THE RESTAURANT, GRAND HOTEL TIMEO
I do not normally want a cabaret with my dinner. But when the entertainment is so spectacular, my objections fall away. I have been to Taormina many times, but never before had I seen a full blown eruption of Mount Etna. It was a remarkable sight. Streams of red and yellow molten lava poured from the volcano’s peak, brightening the evening gloom. I sat at my dinner table and gazed for thirty minutes at the majesty of Nature. Then it was over, and the great brooding presence returned to its accustomed darkness. I knew that I would certainly remember this dinner. And it was appropriate for this show that I was sitting at a table in the restaurant of one of the most famous hotels in Italy.
For thousands of years Taormina has been attracting those in search of beauty. Overlooking the Bay of Naxos, this is a hill blessed by the gods. The Greeks adored it, and so did the Romans. The former built a magnificent theatre here, and the latter gave the town the name we still use – the hill (mons) of the bull (taurus). In 1873 Francesco La Floresta decided that this little place needed an hotel. So he built one, and called it by the name of the son of Andromaca, the founder of Taormina. Thus was born the hostelry known as Timeo. To its doors flocked the world’s discerning. Soon the little hostelry became The Grand Hotel Timeo, a name known to every traveler of taste in Europe. Here have scribbled Oscar Wilde, D.H.Lawrence and Tennessee Williams. And here have laid their heads Kaiser Wilhelm II, Christian Dior and your correspondent. Now the hotel has been restored at huge expense by the Orient Express Group. I have yet to stay since these changes (so my thoughts on the hotel must wait), so this visit for dinner was my first sight of this restored masterpiece of hospitality.
My first impressions were very good indeed. The public areas of the building, both plentiful and elegant, are as delightful as they were before. Antique furniture and good oil paintings are still all over the place, and the lovely furniture (which was beginning to look a little tired) has been reupholstered and made good. And – mirabile dictu! – the wonderful members of staff I remember are still there. Among them I must mention the Food & Beverage Manager, Stefano Lo Giudice (pictured, with your correspondent), the Restaurant Manager, Giuseppe Privitera (pictured, alone), and Maitre d’ Demetrio Lombardo (pictured). I first met Demetrio when he was at the Splendido in Portofino. (The world of grand hotels is a remarkably small one.) I should also mention the Bar Manager, Luigi Rosso, whose wonders include a 1900 Bas Armagnac (180€ a glass).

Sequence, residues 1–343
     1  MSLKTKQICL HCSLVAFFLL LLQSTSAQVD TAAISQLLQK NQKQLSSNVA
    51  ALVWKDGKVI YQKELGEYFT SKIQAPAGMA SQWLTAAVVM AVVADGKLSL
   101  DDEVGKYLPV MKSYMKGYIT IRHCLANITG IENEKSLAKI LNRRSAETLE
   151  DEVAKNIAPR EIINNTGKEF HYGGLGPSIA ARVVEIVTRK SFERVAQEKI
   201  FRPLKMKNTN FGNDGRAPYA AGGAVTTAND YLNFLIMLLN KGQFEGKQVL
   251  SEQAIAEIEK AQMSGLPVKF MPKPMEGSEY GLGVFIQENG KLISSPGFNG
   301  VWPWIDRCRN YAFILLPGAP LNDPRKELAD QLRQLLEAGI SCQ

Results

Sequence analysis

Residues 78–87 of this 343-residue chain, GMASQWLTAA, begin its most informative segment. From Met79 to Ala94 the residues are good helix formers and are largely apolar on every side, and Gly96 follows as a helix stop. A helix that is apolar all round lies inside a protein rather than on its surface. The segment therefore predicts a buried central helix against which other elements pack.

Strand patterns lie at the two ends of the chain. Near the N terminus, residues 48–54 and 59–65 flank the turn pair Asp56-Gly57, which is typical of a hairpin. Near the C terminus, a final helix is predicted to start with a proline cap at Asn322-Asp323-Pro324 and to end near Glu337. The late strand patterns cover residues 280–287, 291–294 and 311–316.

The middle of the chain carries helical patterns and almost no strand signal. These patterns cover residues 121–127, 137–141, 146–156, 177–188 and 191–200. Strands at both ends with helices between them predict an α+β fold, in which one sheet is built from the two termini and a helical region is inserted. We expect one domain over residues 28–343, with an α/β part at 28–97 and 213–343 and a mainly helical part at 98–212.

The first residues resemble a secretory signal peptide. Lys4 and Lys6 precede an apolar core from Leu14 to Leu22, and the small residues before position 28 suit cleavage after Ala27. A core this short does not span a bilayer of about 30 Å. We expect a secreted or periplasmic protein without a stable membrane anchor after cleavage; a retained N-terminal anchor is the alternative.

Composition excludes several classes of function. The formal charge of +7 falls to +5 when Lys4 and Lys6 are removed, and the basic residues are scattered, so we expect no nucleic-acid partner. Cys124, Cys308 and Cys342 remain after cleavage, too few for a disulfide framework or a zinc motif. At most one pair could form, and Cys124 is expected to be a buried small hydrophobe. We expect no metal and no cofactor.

My table was, of course, on the large terrace of the restaurant. Thus did I have the view of Mount Etna. As is proper at a grand hotel of this quality, the members of staff were in black tie and the glassware was by Riedel. Indeed, there was a lovely sense on all sides that “only the best will do”. This certainly applied to the ingredients used by the kitchen, which were of the very highest quality. Chef Roberto Toro (pictured) came to speak to me after the meal, and it was clear that he is determined to maintain that constant search for perfection which is the mark of all the best chefs. He certainly provided me with a most enjoyable meal.
I began with ham and melon. A simple dish, to be sure, but one which relies absolutely on the quality of its principal ingredient. Here the ham (prosciutto di Maialino Nero dei Nebrodi) was splendid. For my pasta I chose ravioli with wild asparagus and a cheese (Ragusano) sauce. This was a plate of robust tastes. The star of the evening’s repast, however, was the main course: thin slices of the loveliest Sicilian beef – cooked pink and served with a trio of sauces: meat jus, balsamic sauce and mustard sauce. Along with delicious fried onions, fine roast potatoes and boiled peas (oh, how I love peas!), this made a dish fit for a prince – beautifully straightforward and straightforwardly beautiful. I ended with a small but well-judged hot green tea souffé. (These four courses were 97€.)
There are two wine lists. The ‘ordinary’ one has about 350 offerings, ranging in price from 30€ for a Sicilian white to 1,000€ for a 1999 Brunello di Montalcino Riserva and 1,480 for 1998 Krug champagne (Clos de Mesnil). It groups its wines under headings, such as “Full and well-structured white wines”. The other list – of 215 bottles – is of “Great Wines and Unique Vintages”. Its prices ascend to 3,000€ for 1985 Sassicaia. It gives Mr Parker’s mark out of 100 for each wine, and includes the following: 1995 Luce (210€), 2002 Masseto (950€), 1997 Solaia (720€) and 2004 Tignanello (230€).
I began with a famous (and superb) sparkling wine from Lombardy – the wine I like to call the Krug of Italy. Beautifully balanced and full of life, this 2002 Franciacorta from Cà de Bosco (Cuvée Annamaria Clementi - 135€) reminded me yet again what a mistake it would be to neglect Italian bubbly. And my red was nearly as good – a sumptuously fruity and well-rounded Sicilian blend of nero d’avola and perricon (Rosso del Conte, Tasca d’Almerita, 2007 - 75€).
I left the Restaurant of the Grand Hotel Timeo full of gratitude: gratitude for the spectacular ‘cabaret’ supplied by Mount Etna, gratitude for the lovely food of Chef Roberto Toro and gratitude for the service provided by my friends. Of course, I must return – to report on the whole hotel.